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About the StoryYou are Bonnie Noodleman, Ordinary Well-Adjusted Teen-Ager, on an ordinary well-adjusted drive up Make-Out Mountain--until some gooey monstrosity from beyond the stars guzzles your boyfriend's brains clean out of his head! Jeepers, what a pickle! Can you convince the townsfolk you're not koo-koo, or is your thinker next on the alien menu?
Explore beautiful Canyonville, New Mexico, at the height of the 1959 Pine Nut Days festival, interact with a full cast of NPCs, perform beat poetry, tamper with baked goods, use hideously powerful space weapons to win cheap carnival trinkets, and try to avoid getting a Reputation!
Nominee, Best Game; Nominee, Best Puzzles; Nominee, Best NPCs; Winner, Best Individual Puzzle - 2015 XYZZY Awards
Rock, Paper, Shotgun
As poor Bonnie Noodleman you have just seen your date have his brain straight-up guzzled. You leg it down from Make-Out Mountain and thus begins a textual parody of 1950s B-movie shlock. There is a magazine personality quiz which you do at the beginning of the story that determines your characteristics and what things you carry (I got a handy switchblade!). It’s something Bethesda probably wishes they could have come up with for the beginning of Fallout. I smiled and chuckled a lot.
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Number of Reviews: 7
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Winner, Miss Human Compass Junior Orienteer, 1956
Winner, Pine Nut Days Girls’ Grocery-Balancing Competition, 1958
I think this succinctly encapsulates the game's intent. It's a traditional text adventure that is self-aware about its tropes, and it's going to exploit them to have fun. And that's exactly what it does.
Structurally, the game is divided into a prologue followed by two main parts. The prologue is pretty much perfect. A character customization system built into an in-game magazine questionnaire, which then segues seamlessly into the action and establishes the setting, tone, and Bonnie's motivation all at once. It's great.
After the prologue, both of the game's two main halves are centered around object fetch-quests. You solve puzzles to collect items to deliver to an NPC in order to progress the story. When the first half concludes, you're treated to a satisfying action set-piece that feels like it will fundamentally alter the game. But then the dust settles, and not too much has changed, and you have to solve another puzzle sequence very similar to the one you just finished.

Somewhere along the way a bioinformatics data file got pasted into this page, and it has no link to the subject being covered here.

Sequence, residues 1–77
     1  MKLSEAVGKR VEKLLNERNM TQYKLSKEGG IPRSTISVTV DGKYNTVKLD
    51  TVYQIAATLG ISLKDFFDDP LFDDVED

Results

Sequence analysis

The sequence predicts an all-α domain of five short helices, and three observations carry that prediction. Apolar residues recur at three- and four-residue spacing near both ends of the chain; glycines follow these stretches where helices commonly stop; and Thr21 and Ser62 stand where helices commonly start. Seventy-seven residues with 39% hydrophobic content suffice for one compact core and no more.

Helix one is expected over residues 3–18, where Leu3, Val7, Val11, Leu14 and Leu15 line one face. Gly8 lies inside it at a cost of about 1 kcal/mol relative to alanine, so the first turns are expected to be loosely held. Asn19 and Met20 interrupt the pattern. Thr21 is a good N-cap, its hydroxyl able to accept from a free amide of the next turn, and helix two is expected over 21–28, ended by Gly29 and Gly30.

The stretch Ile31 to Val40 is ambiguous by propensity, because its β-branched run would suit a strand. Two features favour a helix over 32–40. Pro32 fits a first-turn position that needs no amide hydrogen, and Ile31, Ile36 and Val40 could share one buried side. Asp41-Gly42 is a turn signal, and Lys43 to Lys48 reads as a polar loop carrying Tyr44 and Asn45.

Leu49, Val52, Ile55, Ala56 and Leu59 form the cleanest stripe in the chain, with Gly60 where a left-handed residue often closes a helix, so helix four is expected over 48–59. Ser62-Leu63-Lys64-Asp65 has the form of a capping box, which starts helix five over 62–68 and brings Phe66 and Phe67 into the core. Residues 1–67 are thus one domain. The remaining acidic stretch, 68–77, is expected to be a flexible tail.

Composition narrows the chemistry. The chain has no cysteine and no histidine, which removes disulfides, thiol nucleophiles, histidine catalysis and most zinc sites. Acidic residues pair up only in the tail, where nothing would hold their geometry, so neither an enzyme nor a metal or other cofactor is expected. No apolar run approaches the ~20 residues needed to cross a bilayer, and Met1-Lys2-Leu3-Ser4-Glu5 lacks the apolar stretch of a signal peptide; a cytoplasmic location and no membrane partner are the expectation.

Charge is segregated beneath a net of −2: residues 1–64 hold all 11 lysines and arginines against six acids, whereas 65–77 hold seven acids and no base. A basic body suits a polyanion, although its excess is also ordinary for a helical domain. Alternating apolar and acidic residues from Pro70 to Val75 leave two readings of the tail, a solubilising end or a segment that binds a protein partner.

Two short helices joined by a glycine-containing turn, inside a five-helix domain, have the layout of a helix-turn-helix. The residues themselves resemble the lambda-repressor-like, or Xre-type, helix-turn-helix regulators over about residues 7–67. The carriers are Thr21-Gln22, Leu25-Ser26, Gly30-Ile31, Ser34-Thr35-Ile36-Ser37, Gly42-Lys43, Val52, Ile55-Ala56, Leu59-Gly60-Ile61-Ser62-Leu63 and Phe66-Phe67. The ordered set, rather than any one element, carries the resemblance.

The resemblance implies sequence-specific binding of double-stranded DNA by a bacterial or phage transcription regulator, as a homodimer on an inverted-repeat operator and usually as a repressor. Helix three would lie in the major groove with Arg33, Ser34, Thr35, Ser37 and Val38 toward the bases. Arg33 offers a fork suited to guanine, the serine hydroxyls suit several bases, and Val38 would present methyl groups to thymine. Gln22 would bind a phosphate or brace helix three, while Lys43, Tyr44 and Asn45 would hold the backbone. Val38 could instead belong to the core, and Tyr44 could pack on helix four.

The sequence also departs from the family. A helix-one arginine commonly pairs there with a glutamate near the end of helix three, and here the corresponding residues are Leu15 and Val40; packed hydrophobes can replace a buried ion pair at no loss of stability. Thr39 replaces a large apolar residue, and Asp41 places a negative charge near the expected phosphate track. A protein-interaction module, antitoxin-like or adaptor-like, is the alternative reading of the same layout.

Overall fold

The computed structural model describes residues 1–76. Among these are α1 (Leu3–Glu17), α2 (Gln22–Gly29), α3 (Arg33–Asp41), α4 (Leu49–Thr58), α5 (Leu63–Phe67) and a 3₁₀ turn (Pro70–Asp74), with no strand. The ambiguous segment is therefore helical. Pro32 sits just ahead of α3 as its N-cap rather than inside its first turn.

The second set of puzzles is actually better than the first, and the first set was already good. But the structure saps tension from the story right when things are starting to get dicey. I wanted the stakes to keep rising.
Of course the stakes were never going to be really high, because the game is a parody of B-movie horror. But parodies can have their own high stakes. And actually, the game is more a satire of American society "back in the day" than it is of horror films. It takes place on the cusp between the 50s and 60s. You've got Scooby-Doo hijinks, "ultramodern furniture" in "avocado, orange, and mustard-yellow," and the town fair has a Tomorrow Pavilion whose displays (including a robotic wife) are "glittering with the promise of tomorrow."
This reminded me a lot of The Venture Bros., which has a similar nostalgia for the era, even though it recognizes and criticizes the era's bigotry, repression, and naiveté. Brain Guzzlers is also critical, but it's never as scathing as Venture Bros. It's more interested in using the time period as a playful backdrop.
In the end, this is a very solid text adventure that will appeal to both sci-fi and horror fans, and it's got nice character illustrations too!
None of the puzzles are particularly difficult, and primarily consist of 'find the right object' type quests, with simple but fun secondary mechanics. There are any number of red herring objects (based on one play: it's possible they have more utility or alternate puzzle solutions) that add a sense of depth and contribute to the comedic themes.
The dialogue is fun and peppered with classic 'old-timey' declarations--when you are offered the chance, try saying the 'worst' swear your character can imagine.
The writing is concise, terse, and flows nicely: this is a piece that has clearly been edited & written for readability, and the effort is greatly appreciated.
You play a teenage girl whose town is overrun by the eponymous Brain Guzzlers. You have a cast of creatively-described friends and acquaintances who help you out. Conversation is menu-based, which allows Cherrywell to express the real flavor of the PC's world (with a lot of 'Jeepers!').
The game has some very creative puzzles, and some more straightforward. Each character of the game (besides yourself) comes with one or more high-quality graphics that show up when talking to them.
Game play is 2-3 hours long, I estimate. I recommend this to everyone; I feel like it will be played for years to come.
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